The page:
Author Topic: Canon 750D  (Read 46565 times)

a1ex

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Re: Canon 750D
« Reply #75 on: December 20, 2017, 12:57:50 AM »
Yes, the dry-shell console is definitely useful; unfortunately it only works in QEMU on DIGIC 4 and 5. On D6, it only recognizes the first character, then it locks up...

Solved :)

t6i-user

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Re: Canon 750D
« Reply #76 on: December 20, 2017, 06:31:15 PM »
Yay Alex!!!!   :)   seems the hurdles are being cleared for Digic 6!

t3r4n

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Re: Canon 750D
« Reply #77 on: December 21, 2017, 09:21:20 PM »
... and those "year end holidays" around the corner to play :D 

t3r4n

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Re: Canon 750D
« Reply #78 on: December 22, 2017, 07:16:45 PM »
So I couldn't wait like a child before Christmas  ::) and started with the SFDATA I got from an 700D without wasting time on patching and after the magic word and and "i" I get this :
Code: [Select]
Name            ID   State Pri         Wait(ID)      Stack  % StackTop StackEnd       SP
EventMgr   0037000c    WAIT  13  RCVMQ(00360006)  01a0/1000 10 002f0560 002f1560 002f14a8
EFLensComT 0042000d    WAIT  15    SEM(003f0025)  0098/0400 14 002e8520 002e8920 002e88b8
MainCtrl   007c0016    WAIT  16  RCVMQ(007b001a)  01d0/1000 11 002f7598 002f8598 002f8510
RTCMgr     00520010    WAIT  17  RCVMQ(00510012)  0288/0400 63 002ecd38 002ed138 002ed080
RscMgr     005a0012    WAIT  17  RCVMQ(00590014)  02f0/1000 18 002f3578 002f4578 002f44c0
OmarInit   00280009    WAIT  18  RCVMQ(00270003)  02f0/0400 73 002e8118 002e8518 002e8460
PropMgr    0031000a    WAIT  20  RCVMQ(00300004)  0378/1000 21 002ee550 002ef550 002ef498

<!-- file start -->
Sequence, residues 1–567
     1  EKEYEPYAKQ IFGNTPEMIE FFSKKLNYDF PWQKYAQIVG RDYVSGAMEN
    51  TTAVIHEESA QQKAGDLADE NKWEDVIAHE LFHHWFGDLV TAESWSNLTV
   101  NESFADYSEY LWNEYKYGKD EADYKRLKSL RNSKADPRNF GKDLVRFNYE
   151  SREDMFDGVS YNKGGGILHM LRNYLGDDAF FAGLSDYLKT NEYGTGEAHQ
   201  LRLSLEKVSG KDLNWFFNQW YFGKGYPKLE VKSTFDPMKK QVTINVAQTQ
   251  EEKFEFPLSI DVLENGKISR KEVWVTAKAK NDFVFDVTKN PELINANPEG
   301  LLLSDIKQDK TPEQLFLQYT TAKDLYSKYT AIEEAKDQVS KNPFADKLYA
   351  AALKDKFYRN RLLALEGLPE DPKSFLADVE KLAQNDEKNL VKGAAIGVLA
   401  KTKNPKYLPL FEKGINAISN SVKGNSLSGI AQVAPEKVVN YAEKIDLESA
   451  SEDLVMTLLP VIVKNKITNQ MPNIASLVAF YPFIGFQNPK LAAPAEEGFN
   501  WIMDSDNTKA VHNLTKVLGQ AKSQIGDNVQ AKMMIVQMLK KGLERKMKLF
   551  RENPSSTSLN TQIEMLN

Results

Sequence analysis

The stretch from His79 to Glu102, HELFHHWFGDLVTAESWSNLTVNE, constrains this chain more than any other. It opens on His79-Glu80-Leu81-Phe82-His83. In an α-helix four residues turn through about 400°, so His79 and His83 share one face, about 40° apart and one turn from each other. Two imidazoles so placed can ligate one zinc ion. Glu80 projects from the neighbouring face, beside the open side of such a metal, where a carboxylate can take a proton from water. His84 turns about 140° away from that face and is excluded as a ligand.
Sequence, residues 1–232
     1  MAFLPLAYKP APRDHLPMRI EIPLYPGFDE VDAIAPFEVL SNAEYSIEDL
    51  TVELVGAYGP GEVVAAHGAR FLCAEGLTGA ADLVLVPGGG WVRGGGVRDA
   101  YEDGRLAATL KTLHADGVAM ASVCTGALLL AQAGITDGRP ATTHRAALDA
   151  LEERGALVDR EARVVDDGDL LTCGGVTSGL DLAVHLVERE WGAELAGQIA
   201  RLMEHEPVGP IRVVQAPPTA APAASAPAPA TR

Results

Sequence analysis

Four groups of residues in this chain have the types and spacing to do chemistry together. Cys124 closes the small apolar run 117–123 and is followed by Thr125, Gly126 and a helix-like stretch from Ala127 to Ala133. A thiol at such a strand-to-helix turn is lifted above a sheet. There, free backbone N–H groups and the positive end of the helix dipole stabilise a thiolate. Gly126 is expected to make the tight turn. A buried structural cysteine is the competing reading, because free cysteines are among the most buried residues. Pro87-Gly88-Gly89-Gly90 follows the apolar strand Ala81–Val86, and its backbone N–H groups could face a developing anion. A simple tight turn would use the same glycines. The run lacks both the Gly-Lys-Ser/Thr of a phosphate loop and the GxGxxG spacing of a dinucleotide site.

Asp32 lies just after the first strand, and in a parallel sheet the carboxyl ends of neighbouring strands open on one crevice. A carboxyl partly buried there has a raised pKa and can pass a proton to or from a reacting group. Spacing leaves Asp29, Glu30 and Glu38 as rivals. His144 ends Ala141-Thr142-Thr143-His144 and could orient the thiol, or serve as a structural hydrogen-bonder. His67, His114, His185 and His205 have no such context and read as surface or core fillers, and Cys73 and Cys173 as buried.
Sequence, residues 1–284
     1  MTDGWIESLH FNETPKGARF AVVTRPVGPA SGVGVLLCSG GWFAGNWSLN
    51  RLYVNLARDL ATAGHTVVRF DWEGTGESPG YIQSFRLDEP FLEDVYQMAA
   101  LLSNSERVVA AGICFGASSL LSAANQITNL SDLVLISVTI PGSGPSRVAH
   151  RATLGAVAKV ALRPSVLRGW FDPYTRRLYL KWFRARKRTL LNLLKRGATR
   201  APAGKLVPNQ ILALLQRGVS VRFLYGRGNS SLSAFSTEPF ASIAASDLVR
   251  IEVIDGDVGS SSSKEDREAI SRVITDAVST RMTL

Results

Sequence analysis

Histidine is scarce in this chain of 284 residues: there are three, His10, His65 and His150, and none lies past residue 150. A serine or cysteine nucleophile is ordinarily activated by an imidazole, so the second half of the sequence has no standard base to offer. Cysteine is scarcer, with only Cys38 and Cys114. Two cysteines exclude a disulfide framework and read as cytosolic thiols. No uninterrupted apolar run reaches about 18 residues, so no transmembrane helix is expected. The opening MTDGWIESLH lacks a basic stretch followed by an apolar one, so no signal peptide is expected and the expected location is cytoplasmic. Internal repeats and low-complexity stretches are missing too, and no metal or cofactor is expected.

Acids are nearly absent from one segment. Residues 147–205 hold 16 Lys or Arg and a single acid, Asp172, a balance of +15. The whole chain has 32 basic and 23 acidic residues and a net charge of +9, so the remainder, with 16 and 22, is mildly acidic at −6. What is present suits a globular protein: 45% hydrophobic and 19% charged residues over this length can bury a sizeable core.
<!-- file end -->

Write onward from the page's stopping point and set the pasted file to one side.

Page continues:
MainSubTas 0047000e    WAIT  20  RCVMQ(0043000e)  00b0/0400 17 002e8928 002e8d28 002e8ca8
FileCache  00570011    WAIT  20  RCVMQ(00560013)  00e8/1000 05 002f2570 002f3570 002f34b8
GuiLockTas 00730013    WAIT  23  RCVMQ(00720017)  00b8/1000 04 002f4580 002f5580 002f54f8
EvShel     008f001c RUNNING  24         -------   0320/8000 02 002fc5c0 003045c0 --------
ConsoleSvr 0097001e    WAIT  24  RCVMQ(00920020)  01e8/0800 23 00304dd0 003055d0 00305540
Startup    00220005    WAIT  25  RCVMQ(00210002)  03a8/2800 09 002ea530 002ecd30 002ecca8
FileMgr    004b000f    WAIT  25  SLEEP(004b000f)  02a8/1000 16 002f1568 002f2568 002f23e0
TOMgr      00750014    WAIT  25  RCVMQ(00740018)  0140/1000 07 002f5588 002f6588 002f64d0
Fstorage   007a0015    WAIT  25  RCVMQ(00790019)  00e8/1000 05 002f6590 002f7590 002f74d8
HDRMgr     00800018    WAIT  25  RCVMQ(007f001b)  00e8/1000 05 002f85a0 002f95a0 002f94e8
HDRStage   00820019    WAIT  25  RCVMQ(0081001c)  00e8/1000 05 002f95a8 002fa5a8 002fa4f0
GISMgr     0086001a    WAIT  25  RCVMQ(0085001d)  00e8/1000 05 002fa5b0 002fb5b0 002fb4f8
GISStage   0088001b    WAIT  25  RCVMQ(0087001e)  00e8/1000 05 002fb5b8 002fc5b8 002fc500
LowConsole 0096001d SUSPEND  25         -------   00d4/0800 10 003045c8 00304dc8 00304d58
NFCMgr     0033000b    WAIT  26  RCVMQ(00320005)  01c0/1000 10 002ef558 002f0558 002f04a0
AEmodeJudg 007e0017    WAIT  26    SEM(007d0045)  0090/0400 14 002ed140 002ed540 002ed4e0